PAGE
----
Parliament in Skopje voted on October 19 to initiate changing the constitution to rename the country “Republic of North Macedonia”, thus moving to implement the Prespa agreement with the Greek government resolving the decades-long dispute over the use of the name “Macedonia”.
Eighty members of Parliament voted in favour, the minimum required to approve the move.
Prime Minister Zoran Zaev’s ruling coalition did not have, on its own, sufficient votes to approve opening the procedure to change the constitution. The October 19 vote was secured with the support of eight MPs from the opposition conservative VMRO-DPMNE.
The vote followed five days of heated debate in the legislature in Skopje. For the Friday night endgame, both Zaev and Foreign Minister Nikola Dimitrov, who has underlined that proceeding with the name change is essential to the former Yugoslav republic’s aspirations to join the EU and Nato, were present.
The process of voting had its own drama, as the vote first was taken electronically, and then – at the insistence of the parliamentary group leader of VMRO-DPMNE – by roll call.
The vote in favour of the move to change the constitution also means that Zaev’s statement that his government would resign should the move be defeated now, or at least for the time being, falls away.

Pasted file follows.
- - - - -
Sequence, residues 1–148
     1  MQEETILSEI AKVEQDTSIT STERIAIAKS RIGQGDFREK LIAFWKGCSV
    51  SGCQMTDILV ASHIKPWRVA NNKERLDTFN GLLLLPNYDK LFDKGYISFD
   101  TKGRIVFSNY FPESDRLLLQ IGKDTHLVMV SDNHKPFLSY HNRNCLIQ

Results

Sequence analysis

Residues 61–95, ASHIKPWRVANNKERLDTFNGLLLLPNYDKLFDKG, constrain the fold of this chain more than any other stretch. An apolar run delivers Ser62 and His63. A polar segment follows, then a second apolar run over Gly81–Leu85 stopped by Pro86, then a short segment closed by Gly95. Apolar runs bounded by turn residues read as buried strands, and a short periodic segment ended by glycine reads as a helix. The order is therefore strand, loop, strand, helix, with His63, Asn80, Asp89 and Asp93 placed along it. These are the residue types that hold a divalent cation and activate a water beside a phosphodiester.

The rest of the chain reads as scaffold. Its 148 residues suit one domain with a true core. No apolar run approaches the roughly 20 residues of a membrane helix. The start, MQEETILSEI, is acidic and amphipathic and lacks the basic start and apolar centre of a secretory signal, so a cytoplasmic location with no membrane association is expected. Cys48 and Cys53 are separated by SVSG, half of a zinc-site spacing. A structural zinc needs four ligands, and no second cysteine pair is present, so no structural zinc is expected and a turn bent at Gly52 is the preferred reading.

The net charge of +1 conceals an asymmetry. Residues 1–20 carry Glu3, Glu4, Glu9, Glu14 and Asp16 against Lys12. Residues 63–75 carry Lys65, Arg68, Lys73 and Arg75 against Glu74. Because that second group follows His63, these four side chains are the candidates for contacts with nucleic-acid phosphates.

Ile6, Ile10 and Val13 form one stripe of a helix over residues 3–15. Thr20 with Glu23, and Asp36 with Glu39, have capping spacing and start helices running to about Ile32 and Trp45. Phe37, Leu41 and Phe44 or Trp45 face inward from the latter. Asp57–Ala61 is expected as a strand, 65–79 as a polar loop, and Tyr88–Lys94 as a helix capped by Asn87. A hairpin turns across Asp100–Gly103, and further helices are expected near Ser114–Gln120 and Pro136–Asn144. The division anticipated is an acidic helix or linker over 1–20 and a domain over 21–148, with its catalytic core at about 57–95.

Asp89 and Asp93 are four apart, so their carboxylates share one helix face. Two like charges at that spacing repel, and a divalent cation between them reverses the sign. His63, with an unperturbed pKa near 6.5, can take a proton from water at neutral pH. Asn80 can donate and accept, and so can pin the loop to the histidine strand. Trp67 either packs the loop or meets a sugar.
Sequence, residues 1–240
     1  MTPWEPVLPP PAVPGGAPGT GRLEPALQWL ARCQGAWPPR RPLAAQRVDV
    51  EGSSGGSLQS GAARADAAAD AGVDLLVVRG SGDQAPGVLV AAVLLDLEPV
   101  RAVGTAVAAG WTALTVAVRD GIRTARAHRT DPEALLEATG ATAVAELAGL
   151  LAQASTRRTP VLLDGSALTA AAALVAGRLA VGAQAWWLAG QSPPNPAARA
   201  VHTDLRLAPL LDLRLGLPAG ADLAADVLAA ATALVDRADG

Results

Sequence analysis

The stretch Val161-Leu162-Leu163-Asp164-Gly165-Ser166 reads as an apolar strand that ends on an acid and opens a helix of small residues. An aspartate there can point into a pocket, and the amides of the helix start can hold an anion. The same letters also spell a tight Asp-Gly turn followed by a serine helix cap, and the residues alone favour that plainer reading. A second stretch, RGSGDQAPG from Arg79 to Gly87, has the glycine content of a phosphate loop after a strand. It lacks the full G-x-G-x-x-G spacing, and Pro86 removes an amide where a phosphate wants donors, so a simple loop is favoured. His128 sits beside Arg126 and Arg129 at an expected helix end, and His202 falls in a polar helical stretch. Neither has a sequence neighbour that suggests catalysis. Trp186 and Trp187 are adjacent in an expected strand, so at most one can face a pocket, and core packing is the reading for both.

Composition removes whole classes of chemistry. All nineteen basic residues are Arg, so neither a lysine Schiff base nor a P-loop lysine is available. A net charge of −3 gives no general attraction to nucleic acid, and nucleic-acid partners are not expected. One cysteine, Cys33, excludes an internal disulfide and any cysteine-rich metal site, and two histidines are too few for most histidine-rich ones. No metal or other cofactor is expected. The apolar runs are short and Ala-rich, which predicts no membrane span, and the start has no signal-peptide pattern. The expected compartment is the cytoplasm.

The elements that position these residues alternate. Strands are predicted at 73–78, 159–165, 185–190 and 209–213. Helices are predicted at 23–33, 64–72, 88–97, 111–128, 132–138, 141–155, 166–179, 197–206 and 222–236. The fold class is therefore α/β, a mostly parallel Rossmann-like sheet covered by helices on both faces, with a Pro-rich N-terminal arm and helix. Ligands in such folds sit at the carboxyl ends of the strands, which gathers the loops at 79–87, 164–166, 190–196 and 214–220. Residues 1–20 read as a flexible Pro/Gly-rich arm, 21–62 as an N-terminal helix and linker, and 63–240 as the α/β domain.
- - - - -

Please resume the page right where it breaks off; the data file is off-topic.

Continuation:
The Prespa agreement, and the consequent hope of EU and Nato membership, were put to a national referendum in Macedonia on September 30. In that referendum, the yes vote won a majority, but the turnout was below the threshold to make the outcome binding.
The Prespa agreement was signed on June 17 by Zaev and his Greek counterpart, Alexis Tsipras. The legislature in Skopje voted on June 20, by 69 votes to zero, to ratify it.
The path ahead for the agreement is likely to continue not to be smooth, given not only internal opposition in Macedonia but also in Greece to the deal.
For Macedonia’s Parliament, the next steps in the process will be consideration of the texts to be tabled by the government on the specific changes to the constitution to implement the Prespa agreement. This in turn will require a succession of votes, a process that could take some months.